I received the tickets courtesy of Forty Creek, one of the event’s participating brands. The $25 admission ticket came with five attached drink tickets that could be exchanged for one of the options from the cocktail menu.
The drinks list ran the gamut from the Black Buck that combined whisky, simple syrup, ginger beer, and a lime garnish to the Forty-Seven that was a straight up pairing of the Forty Creek Copper Pot Reserve and 7-Up.
I also had the chance to try the Forty Creek Copper Pot on its own. The caramel colour connects smoothly to the butterscotch and toasted sugar aroma (reminder to wine drinkers: sniff whisky delicately) and the flavour that plays on the same theme. The slightly higher alcohol (43%) helps lend a lingering, warming buzz.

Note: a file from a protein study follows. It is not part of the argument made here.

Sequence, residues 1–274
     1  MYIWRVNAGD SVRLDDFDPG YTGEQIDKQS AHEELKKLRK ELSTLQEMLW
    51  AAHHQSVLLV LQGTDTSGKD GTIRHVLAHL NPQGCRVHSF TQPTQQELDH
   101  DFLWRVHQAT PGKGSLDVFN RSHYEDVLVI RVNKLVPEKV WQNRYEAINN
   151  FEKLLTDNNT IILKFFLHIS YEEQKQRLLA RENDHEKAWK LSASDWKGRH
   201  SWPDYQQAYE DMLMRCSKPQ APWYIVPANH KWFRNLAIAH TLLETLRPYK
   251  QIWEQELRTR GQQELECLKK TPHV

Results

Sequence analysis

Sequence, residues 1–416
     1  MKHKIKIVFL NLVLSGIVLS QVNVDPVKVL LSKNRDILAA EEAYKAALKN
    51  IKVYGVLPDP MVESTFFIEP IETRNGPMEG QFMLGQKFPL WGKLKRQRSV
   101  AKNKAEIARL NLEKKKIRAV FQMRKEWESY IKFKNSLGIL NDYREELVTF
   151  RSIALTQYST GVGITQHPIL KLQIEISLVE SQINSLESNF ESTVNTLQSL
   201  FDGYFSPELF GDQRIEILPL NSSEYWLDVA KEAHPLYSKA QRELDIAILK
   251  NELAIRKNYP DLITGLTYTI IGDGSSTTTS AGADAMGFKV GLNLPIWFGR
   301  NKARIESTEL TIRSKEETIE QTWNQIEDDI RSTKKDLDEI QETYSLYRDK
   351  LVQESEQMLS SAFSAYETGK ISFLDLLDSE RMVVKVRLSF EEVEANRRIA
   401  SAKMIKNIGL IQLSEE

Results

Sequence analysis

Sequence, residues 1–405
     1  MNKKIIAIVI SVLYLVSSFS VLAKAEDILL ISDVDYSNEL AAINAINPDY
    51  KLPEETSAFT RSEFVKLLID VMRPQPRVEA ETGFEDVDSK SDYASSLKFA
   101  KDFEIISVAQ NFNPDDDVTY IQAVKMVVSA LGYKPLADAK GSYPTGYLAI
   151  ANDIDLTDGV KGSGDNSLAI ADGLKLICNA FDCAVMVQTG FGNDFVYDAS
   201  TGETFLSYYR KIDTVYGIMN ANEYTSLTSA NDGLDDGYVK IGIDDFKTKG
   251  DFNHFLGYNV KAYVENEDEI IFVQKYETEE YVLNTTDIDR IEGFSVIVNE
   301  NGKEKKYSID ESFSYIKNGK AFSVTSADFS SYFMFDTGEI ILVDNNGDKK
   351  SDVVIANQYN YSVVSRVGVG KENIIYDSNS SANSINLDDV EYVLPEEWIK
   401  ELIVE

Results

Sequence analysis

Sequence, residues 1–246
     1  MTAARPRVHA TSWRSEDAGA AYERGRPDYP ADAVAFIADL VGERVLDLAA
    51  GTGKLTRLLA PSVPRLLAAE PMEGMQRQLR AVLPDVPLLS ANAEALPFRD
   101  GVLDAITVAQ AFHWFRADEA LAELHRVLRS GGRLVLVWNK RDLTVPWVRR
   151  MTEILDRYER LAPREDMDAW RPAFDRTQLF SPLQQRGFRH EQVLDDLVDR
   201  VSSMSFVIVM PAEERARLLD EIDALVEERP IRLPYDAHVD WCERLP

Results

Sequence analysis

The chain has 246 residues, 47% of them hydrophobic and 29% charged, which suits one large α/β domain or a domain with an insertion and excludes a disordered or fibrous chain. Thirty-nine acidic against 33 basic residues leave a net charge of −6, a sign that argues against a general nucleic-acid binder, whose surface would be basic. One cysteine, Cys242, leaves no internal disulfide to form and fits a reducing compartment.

The opening act that warmed things up for The Trews was actually a three-band battle of local groups. Kingston’s The Glorious Sons managed to rise above the diverse field to capture the title as crowd favourite.
Happily, I was joined on the floor by Ken, Erin, Caiti, and Brock. Also, John and Beth tweet for Forty Creek. All that twitter-ness may draw the ire of Trews lead-man Colin MacDonald who admonished the crowd to “stop taking photos, stop tweeting, and listen” as his band started into the opening bars of Highway of Heroes. Fitting advice for a concert a few days before Remembrance Day.